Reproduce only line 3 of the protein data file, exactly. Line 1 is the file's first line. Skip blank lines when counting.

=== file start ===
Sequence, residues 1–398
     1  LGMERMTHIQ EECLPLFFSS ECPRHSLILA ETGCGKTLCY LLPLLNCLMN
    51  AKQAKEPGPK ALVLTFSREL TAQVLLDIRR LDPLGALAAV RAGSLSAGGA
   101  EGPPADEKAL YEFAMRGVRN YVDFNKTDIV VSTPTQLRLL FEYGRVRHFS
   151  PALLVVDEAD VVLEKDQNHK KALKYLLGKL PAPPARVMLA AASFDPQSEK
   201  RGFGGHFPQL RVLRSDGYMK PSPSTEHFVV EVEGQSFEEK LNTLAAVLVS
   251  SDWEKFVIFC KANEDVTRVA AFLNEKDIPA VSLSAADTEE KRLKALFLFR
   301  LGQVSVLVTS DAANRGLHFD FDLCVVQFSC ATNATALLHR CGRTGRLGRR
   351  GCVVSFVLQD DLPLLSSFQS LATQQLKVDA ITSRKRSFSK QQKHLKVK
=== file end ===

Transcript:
    51  AKQAKEPGPK ALVLTFSREL TAQVLLDIRR LDPLGALAAV RAGSLSAGGA